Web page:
Becke_Davis...I love your poem...It was serious with but the whitty woman's vengence. Great job!

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becke_davis
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Re: Poetry Challenge: Use these 5 words

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Brandi_R
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Re: Poetry Challenge: Use these 5 words

 

becke_davis wrote:

 

 

"Penny for your thoughts," he said

The bar was smoky and conveniently dark.

I was a wreck, but he couldn't see it.

I scrubbed the trail of mascara from my cheek,

determined to forget the deluxe hotel room

I'd seen my husband enter with a blonde bimbette.

I plucked an olive from the amber liquid and

rolled it on my tongue.

I don't even like olives.

I turned to him, my voice harsh, unfamiliar.

"They aren't worth it."

 

Great poem! I like how you've taken a very specific moment in time and let it illustrate the larger, deeper issue of this speaker's shock and grief at finding out about her husband's affair.

 

letterpressfiction.blogspot.com
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Brandi_R
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Re: Poetry Challenge: Use these 5 words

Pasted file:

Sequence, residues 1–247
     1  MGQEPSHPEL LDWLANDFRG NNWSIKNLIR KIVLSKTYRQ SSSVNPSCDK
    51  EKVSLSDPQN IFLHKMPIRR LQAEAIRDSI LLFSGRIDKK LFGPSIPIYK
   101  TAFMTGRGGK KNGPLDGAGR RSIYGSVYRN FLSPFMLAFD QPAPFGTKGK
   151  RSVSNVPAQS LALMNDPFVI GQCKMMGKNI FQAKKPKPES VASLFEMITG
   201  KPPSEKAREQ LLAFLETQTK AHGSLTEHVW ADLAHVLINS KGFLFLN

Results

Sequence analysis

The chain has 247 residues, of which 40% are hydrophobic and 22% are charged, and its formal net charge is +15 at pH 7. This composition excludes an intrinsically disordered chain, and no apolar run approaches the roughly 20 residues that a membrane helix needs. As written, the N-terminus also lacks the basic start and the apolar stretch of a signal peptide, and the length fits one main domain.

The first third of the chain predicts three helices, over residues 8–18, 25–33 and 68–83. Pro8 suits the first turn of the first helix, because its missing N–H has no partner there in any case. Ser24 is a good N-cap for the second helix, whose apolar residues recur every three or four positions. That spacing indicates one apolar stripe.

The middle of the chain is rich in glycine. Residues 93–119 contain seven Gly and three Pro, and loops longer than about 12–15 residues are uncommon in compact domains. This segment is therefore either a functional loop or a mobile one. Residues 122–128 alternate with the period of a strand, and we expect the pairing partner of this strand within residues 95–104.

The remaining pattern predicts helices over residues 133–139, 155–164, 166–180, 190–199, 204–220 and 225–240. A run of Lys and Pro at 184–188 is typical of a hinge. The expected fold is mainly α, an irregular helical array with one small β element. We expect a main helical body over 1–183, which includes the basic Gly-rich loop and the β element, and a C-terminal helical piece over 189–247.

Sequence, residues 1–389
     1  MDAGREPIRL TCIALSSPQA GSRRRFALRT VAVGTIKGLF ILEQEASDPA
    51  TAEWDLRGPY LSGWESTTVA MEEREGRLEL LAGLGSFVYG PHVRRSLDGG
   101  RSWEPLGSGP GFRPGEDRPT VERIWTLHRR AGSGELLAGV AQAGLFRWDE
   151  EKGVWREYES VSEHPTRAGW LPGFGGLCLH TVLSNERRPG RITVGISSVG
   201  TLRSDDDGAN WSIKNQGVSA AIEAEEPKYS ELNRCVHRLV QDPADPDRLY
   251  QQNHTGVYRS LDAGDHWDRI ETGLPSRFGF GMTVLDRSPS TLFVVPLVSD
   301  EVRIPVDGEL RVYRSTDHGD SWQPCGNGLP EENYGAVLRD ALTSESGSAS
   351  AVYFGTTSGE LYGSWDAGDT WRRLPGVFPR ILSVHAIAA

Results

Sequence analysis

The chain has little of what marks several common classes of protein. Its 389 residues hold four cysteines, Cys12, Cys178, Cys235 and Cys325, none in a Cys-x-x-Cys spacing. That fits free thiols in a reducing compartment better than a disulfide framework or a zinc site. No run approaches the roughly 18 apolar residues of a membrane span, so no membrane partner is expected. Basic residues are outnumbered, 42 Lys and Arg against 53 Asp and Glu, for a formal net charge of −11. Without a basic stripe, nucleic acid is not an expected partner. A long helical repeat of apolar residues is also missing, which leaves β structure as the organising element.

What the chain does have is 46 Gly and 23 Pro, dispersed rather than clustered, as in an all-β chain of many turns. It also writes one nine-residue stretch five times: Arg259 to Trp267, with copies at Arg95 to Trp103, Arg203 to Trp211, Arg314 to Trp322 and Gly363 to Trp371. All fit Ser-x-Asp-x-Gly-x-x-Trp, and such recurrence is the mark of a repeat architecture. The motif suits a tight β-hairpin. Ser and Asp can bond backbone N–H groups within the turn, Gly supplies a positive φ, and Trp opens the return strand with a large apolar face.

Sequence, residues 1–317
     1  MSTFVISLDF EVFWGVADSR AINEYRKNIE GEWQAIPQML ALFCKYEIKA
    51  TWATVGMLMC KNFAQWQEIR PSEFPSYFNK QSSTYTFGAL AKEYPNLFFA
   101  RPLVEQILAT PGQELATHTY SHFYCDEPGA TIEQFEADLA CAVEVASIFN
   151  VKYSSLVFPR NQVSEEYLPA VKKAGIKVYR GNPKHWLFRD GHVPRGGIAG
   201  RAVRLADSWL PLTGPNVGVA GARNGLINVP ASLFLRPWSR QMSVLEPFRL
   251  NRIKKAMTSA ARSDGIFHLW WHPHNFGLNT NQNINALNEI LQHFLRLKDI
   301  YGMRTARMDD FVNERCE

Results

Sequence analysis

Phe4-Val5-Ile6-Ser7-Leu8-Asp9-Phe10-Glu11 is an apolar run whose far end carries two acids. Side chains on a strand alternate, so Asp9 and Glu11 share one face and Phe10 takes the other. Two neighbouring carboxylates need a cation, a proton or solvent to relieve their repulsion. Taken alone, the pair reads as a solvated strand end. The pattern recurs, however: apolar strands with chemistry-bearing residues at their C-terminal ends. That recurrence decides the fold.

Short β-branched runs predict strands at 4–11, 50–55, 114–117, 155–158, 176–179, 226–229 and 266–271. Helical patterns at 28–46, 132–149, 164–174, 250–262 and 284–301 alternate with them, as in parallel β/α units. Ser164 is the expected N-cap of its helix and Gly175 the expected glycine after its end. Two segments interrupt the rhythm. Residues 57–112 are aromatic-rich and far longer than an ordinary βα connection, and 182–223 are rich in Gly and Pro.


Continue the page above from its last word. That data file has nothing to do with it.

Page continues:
Book_Girl14 wrote:

She must have come from the recent ship wreck,

It had only happened last night.

I was headed toward Sir Blackwell's deluxe party

When I saw her with only the cloths on her back and a penny.

She stood there on the corner and watched me as I walked,

Her smoky eyes grabbing every angle of my movement,

She was beautiful and exotic with midnight hair

and olive skin that look as soft as a rose petal.

I didn't offer her anything.

I hurried to the party hoping to see my sweetheart.

He came not long after I 

The beautiful girl's fingers tucked in the crook of his arm

I stormed away from the lavish party

As angry as the sea that brought her here.

 

Wonderful poem, Book_Girl14. I like the unexpected use of some of the words: “deluxe party” and “with only the clothes on her back and a penny.” The phrasing is quite unique. That’s sometimes a delightful benefit of writing with a “rule.”

 

letterpressfiction.blogspot.com
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Brandi_R
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Re: Poetry Challenge: Use these 5 words

 

KaseyJean wrote: